Thursday July 2nd to Sunday July 5th 2015

As the sun rose over the ranch of Rotarian Carman Hendry – one could feel the excitement of the Leaders and Rotarians waiting for 38 boys and girls to register for RYLA camp. Known as RYLA Lakelse this camp used to be held at a beautiful lake property owned by the Kinsmen. This property is currently in need of repair and not suitable for our RYLA camp. Instead of cancelling as we had to in 2013 we went ahead with plans at this beautiful ranch. So in 2014 and this year our camp took on a new life.
This RYLA is for Grades 8 to 10 who are students in the age group of 13 to 15 with some 16 year olds thrown in. As these students were dropped off by their parents and guardians on Thursday July 2nd you could see and feel their hesitancy and caution about coming in to what is call a Leadership Camp run by Rotarians. The Leaders for camp have already attended one, two or three RYLA camps of their own and have met for many hours to plan and prepare for this day. The enthusiasm of the leaders was infectious from the first moment. Each student was welcomed and shown which dorm or tent they were assigned and where to leave their belongings. After our opening welcome from the leaders…the former mayor of Prince Rupert kicks off with a presentation to the group about what it was like for him growing up and what it is like now – the changes – good and bad. All the Rotarians are introduced to the students and any questions answered. The facilitators then discuss the rules and expectations of RYLA camp. The rest of the afternoon is built with each team discussing their “flag” that they will make and going through team building activities.

That first evening as I sit and listen to the teams practice their skits and then perform, I see the first changes in these young people. No longer individuals but part of a team.

Friday morning breakfast and every morning thereafter is usually a time of fellowship for the students, where they eat some wonderful breakfasts and share stories about their families. Cell phones are not encouraged at camp. This in turn encourages more sharing in the old fashioned mode of – talking face to face.

This day is filled with Decision Making, Ethics, 4-way test, World Village – Talent show preparation – Random acts of kindness then on to a building project - In the past Rotarians and students have built chairs, tables and benches. This hands on project instills confidence in the belief that “they can do” and it is quite exciting to watch the benches come together and the pride of the students grow with every nail and screw. After dinner on this first full day – presentations of their experiences when doing “random acts of kindness” and their reflections.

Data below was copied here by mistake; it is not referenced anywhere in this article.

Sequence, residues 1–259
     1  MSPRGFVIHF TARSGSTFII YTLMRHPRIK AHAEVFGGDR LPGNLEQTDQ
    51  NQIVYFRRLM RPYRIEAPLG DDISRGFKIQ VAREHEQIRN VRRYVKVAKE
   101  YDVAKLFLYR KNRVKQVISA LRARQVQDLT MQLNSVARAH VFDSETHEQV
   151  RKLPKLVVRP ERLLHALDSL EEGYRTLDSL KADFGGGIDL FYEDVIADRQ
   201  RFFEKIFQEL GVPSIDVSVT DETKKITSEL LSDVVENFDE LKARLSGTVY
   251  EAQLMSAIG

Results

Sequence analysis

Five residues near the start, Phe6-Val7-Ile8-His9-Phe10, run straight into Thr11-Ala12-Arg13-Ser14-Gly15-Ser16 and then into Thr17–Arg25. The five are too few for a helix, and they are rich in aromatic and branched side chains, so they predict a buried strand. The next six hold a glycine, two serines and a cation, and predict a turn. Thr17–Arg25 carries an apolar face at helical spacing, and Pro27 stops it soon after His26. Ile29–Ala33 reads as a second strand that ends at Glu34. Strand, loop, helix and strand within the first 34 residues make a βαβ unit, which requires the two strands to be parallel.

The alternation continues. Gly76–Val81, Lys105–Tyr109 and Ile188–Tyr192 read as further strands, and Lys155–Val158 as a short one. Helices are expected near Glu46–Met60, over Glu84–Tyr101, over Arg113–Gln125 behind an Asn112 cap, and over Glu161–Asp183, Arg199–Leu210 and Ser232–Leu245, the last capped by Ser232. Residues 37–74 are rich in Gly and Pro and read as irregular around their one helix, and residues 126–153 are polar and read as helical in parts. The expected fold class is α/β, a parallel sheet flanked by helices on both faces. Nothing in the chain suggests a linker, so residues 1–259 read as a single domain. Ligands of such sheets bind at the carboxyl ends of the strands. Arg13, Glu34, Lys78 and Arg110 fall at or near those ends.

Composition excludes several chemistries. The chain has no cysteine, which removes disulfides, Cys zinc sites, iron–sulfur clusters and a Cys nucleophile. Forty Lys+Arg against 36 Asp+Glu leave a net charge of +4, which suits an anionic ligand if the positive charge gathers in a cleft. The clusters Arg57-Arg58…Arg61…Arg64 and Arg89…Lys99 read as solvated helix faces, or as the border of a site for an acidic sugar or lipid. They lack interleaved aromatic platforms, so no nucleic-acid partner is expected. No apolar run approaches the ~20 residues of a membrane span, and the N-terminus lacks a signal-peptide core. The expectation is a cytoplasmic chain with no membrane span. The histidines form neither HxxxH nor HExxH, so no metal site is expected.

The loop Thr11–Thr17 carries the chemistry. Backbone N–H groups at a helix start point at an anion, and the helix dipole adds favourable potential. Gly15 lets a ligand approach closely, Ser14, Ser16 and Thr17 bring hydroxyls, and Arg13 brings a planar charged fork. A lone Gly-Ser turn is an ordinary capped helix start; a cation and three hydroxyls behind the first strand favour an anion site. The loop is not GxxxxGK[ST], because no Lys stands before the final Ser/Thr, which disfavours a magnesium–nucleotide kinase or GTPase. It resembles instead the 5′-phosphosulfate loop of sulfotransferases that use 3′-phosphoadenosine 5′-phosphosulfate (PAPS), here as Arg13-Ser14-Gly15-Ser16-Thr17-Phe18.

Saturday brings events on the Lake – yes Lakelse – where the Rotarians and Leaders get to watch their students be involved with events such as Dragon Boating, Search and Rescue events and just plain swimming and relaxing. By the time we return to camp – singing on the bus – everyone is a bit weary but so excited about new skills they have mastered through today’s events.

Then just when you may think there is no more energy to expend…..RYLA Olympics takes place and mountains of energy and excitement is expended in making sure “their” team runs the fastest, slides the quickest and just plain finishes. As the sun starts to go down on what now is their last evening together – the students start to wonder how the weekend went so fast and they show their talents and friendship to their fellow campers and their Rotarian audience. The talent show is a wonder in itself. Everyone has a talent. Everyone is appreciated. Everyone has new friends. Sunday morning breakfast to me – the author- seems a little quieter. It seems like those who were cautious and guarded on Thursday afternoon are now sad to be leaving this wonderful ranch and their new friends.

The students tidy their dorms, empty their tents, while an army of Rotarians from Smithers and the two Terrace clubs come in to help take down the tents and put all the necessary tables and chairs, mattresses, etc. in a van to be returned to the wonderful schools and business that made the donations.

By 1 p.m. their families arrive and the hugging and crying gets louder. No it is not that they are excited to see their parents, it’s the students with each other. They have new friends. They don’t know if they will meet again. They are the unlikely ones to be friends – hugging, crying, and sharing texts. I always think that I will get used to the changes in these wonderful young people, the changes that happened in only three days, and three nights together. No my fellow Rotarians – it is truly amazing and hard to put into words. As I watch the students leave with their parents I am thanked as part of this larger group of Rotarians – I am thanked that their shy child is now not – that their quiet child is now sharing with others – that their child has changed and grown in a good way. …and that is why RYLA Lakelse came to be and why I hope CONTINUES to be …..over the years to come.

Rotarian Lesley Erasmus.